The Glasgow School of Art describes Art Writing as: “Drawing from disciplines including visual art, art criticism, art history and literature, this interdisciplinary field is as much about creative production as it is concerned with critical discourse.” 2
In S. Moonie’s essay on writer and art historian Charles Harrison she states that for him: “Art Writing addresses material literary forms, which draw attention to the spatiality of writing and the physicality of its support, but the interests of Art Writing diverge from those of literature... it involves relations between people.” 3
In Art Writing, words are not just displayed in graphic form, they attain a sense of presence, they create space, they name, they define, and may even clarify. Criticism, curation, and independent publishing are all forms of Art Writing. In his essay about art critics Pablo Lafuente believes that in certain instances: “...the work made by the artist is not exactly the same work written about by the critic. The critic makes the work appear other than it is, producing a new work.” 4
Finally we look into the meaning of the term “practice”. The dictionary defines it as a “repeated exercise in or performance of an activity or skill so as to acquire or maintain proficiency in it.” (Merriam-Webster’s Collegiate Dictionary, 2019). Fusco believes in teaching yourself through practice. Therefore, her classes were developed from the students personal interests rather than from fixed assignments.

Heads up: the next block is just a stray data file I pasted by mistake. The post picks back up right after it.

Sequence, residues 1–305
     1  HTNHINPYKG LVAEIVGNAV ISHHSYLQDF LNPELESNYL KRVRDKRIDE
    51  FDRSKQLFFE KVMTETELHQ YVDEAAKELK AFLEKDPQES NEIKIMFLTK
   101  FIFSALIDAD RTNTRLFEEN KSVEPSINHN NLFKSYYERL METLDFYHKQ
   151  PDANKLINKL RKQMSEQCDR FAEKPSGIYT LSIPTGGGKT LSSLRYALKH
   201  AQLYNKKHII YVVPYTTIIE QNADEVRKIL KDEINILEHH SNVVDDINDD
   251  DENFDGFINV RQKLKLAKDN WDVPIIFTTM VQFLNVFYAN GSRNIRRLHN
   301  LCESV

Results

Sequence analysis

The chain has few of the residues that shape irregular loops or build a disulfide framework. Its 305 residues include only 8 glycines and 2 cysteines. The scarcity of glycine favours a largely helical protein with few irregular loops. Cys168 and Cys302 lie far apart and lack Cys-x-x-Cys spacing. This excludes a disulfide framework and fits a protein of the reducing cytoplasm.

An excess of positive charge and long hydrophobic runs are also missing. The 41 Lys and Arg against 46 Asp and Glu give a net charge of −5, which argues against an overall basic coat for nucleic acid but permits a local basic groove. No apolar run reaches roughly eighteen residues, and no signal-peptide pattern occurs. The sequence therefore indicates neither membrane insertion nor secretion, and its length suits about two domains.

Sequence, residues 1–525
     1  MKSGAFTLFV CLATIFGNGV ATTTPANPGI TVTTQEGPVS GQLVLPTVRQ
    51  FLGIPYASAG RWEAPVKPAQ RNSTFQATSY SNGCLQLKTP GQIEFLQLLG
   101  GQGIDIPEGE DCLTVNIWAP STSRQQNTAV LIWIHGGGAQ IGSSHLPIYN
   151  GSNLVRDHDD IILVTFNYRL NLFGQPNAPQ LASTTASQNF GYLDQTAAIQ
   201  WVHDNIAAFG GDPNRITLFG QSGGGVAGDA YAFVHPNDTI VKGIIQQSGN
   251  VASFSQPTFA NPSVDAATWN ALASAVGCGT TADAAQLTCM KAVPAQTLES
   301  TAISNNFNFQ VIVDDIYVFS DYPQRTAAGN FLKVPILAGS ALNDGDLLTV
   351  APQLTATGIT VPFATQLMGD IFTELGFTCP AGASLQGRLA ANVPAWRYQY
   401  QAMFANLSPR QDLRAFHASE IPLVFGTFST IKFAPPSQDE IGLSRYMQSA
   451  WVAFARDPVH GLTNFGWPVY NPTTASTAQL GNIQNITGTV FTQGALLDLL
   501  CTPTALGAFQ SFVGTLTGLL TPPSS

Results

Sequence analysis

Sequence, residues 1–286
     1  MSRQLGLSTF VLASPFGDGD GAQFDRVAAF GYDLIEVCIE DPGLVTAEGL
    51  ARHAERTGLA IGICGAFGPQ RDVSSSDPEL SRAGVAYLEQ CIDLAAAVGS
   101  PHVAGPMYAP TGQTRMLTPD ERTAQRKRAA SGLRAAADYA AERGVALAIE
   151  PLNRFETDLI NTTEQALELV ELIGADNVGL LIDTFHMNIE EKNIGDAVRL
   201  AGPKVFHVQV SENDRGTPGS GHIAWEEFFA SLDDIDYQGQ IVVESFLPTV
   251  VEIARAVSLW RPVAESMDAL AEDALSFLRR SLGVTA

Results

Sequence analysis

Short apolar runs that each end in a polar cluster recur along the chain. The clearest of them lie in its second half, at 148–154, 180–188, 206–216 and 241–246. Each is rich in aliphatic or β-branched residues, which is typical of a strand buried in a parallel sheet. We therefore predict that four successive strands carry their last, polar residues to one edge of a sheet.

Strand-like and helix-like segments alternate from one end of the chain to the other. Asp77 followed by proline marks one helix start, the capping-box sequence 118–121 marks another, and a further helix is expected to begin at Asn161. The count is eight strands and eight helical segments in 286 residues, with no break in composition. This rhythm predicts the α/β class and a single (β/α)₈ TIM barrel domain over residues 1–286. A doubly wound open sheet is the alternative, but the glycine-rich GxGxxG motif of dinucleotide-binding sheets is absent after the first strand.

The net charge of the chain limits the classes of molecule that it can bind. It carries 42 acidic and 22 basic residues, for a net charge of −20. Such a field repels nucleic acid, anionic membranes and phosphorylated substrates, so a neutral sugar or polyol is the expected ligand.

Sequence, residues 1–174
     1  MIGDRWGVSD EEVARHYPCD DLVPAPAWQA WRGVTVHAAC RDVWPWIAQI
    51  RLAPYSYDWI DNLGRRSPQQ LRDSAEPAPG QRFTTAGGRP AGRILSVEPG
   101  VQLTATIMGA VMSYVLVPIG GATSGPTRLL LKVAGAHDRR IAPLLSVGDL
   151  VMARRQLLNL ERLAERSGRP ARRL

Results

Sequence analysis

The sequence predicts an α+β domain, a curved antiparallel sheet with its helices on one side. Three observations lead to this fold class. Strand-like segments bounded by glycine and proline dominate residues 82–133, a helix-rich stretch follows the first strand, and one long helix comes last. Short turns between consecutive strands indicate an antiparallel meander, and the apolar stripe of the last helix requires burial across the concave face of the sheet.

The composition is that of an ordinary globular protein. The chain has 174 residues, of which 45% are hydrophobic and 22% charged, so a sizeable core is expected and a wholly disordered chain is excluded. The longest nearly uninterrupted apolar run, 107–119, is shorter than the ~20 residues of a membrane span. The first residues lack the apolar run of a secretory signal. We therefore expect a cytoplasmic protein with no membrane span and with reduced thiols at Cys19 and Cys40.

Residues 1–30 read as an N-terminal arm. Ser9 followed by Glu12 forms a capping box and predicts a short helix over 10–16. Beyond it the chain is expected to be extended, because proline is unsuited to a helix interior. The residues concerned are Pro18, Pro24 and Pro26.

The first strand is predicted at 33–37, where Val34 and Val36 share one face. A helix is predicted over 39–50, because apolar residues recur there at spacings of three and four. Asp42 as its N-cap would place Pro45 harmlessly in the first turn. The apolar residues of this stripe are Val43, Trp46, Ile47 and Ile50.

Karl Marx uses the term “praxis”, to refer to the free, universal, creative activity through which man creates and changes his historical world and himself. “Praxis is an activity unique to man, which distinguishes him from all other beings.” And defining a habit as “being a structuring structure that organizes practices and the perception of practices”. 5
The anthropologist Pierre Bourdieu, who was strongly influenced by the relationship between culture and power, developed a Practice Theory that reinterpreted culture’s definition. Previously “there was an accepted concept that people are influenced, and possibly defined, by their culture. Anthropologists would attribute human action and practice in relation to their respective culture. However, this frame sometimes led to cultural stereotyping and profiling of people to explain how they acted in relation to their culture. In contrast to this approach, Practice Theory acknowledges that culture is a thing that is mobile, and therefore does not exist where certain ethnicities are based, but can spread across areas. In this view of culture, it is a thing that does not define people; rather the people define it by giving it meaning in their lives.” 6